When Will The Masses Start Enjoying Quality TV?

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For years now I have become an avid television watcher. However for the most part, not in the traditional sense. Like many good American consumers I turn to TV on DVD to get my fix on a regular basis and more recently I have been turning to Netflix’s streaming capabilities (through the TV set top box). A funny thing happened over the past year. A year ago, I always found myself telling people: “No, I don’t really watch TV.” Lately though, I realized that this was a boldfaced lie. In fact I was watching quite a few television shows (Arrested Development, Entourage, the Office, LOST… to name a few). Was it because I mentally blocked the reality that I was regularly plugged into the affectionately named “Idiot Box” or was it because I was subconsciously afraid of what people might think?

But that’s precisely the problem in this country at this point in time. Despite the fact that Home Box Office has led a revolutionary charge of epic proportions in the last decade, reclaiming the small screen for the educated and thinking man, people still refuse to accept the reality that there is some seriously excellent programming going on. This point hit home tonight when I had my father view an episode of Friday Night Lights I was watching. Having never seen it, I gave him the rundown of who was who, what their motives were, and why I thought it was a great show (like a good Newhouse grad). Lo and behold, it was 1 am and he was still awake! I can’t remember the last time that happened. And when it was over and I was crying like I usually am post-FNL viewing, he looked at me and said this: “Well… no one’s gonna watch that.”

From an outsider’s perspective this would probably seem like a dismissal at best. But from my father it couldn’t have been more of a compliment. And he’s right. The upcoming 3rd season of FNL will most likely be its last. The reason? It’s too smart, well written, acted, and produced for its own good. He was surprised when I told him it was on NBC every week. As well he should be. When was the last time (with a few glaring exceptions) that a prime time, network TV show captured the raw emotion and realistic scenarios of a young generation by writing smart dialogue and using unconventional TV production styles? [pause for TV Guide collectors to scratch heads]

But to many of my friends and I, television has become more than just filler between advertisements 24 hours a day. Granted many of my friends have media degrees, but should that change the fact that there is brilliance happening every week on TV and people don’t even know about it? An old friend of mine just finished a 500 page PhD dissertation on the social effects and impact of the television show the Wire. If that sounds crazy then you haven’t seen the show. Go watch it. Seriously.

I’d like to think in the near future people will begin to realize that shows like 30 Rock and LOST are more than just their one-liner, dialogue numbing predecessors. We’ve come a long way in this country. I think if we can elect a black president (yes we can, and yes we did!) then we can start treating television as something more than the noise you use to fool your parents when you’re trying to get laid in high school (god bless that laugh track in Everybody Loves Raymond). I think its high time and I think the masses of America are ready for it if only they’d give it a chance.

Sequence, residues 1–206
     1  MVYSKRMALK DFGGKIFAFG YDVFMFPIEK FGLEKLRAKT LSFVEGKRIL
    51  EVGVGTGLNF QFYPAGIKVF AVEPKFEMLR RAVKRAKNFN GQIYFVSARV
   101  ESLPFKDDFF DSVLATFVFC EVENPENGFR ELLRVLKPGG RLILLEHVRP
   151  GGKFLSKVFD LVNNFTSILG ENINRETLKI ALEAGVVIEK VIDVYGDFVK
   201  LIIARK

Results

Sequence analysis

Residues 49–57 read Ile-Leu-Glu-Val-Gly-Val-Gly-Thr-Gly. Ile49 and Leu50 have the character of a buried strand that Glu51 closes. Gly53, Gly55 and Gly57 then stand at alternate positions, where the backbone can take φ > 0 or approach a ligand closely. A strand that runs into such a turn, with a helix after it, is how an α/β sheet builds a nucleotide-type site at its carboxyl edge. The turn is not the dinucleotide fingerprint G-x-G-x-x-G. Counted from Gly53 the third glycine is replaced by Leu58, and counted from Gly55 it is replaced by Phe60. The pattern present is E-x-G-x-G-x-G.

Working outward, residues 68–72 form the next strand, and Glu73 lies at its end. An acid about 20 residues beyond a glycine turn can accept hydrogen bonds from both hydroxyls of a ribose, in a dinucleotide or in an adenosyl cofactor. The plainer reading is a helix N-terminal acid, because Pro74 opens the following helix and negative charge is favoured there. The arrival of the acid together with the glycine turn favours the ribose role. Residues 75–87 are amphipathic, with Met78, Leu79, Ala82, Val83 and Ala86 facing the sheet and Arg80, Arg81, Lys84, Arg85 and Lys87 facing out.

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4 Responses to “When Will The Masses Start Enjoying Quality TV?”

  1. Jean Says:

    Steve, I’m so glad you posted about this show. Because it is the best. The first season is probably one of the most heartbreakingly awesome seasons of television ever created. I cried during every single episode. Season two was iffy–kind of felt like they were pandering to the network to keep them on. Hopefully the season that starts in January will be better? It’s sad though, with all of NBC’s missteps this season and frikkin’ Leno on every night, that a show as excellent as FNL will probably be canceled.
    As far as TV-watching goes…it’s research. Right? I have a media degree/job too, and I wrote a 15-page paper on Hill Street Blues when I was in college (you know, like six months ago). So, it’s like homework, but for your career.

  2. JES Says:

    FNL suffers in the ratings from its placement on Friday nights. IMO — but then, if you ask me, so does every other show on Friday nights (since the X-Files early seasons, anyhow). I’ve heard that Saturday night is considered the black hole of network primetime programming but Friday nights have gotta be right up there.

    My vote for the Underappreciation tag would probably go to CBS’s Without a Trace. That one regularly leaves me shaken.

  3. DJ Steve Says:

    Haven’t watched Without a Trace, unfortunately it just seems like every other network crime drama to me but maybe I should check it out.

    Well said Jean. I take enormous amounts of comfort in the fact that when I go to the movies or sit on my ass and watch TV for extended periods of time, I am prepping for my career so that one day when I’m sitting in front of Peter Berg I’ll effectively be able to (creepily) recite the FNL plot lines without skipping a beat.

  4. Jen Says:

    It doesn’t matter what the masses watch. It matters what the select few Nielsen families watch. And they have never been known for their good taste. I have, infact, made it my life’s dream to become a Nielsen family. I want at least one person on record as watching high-quality television shows.

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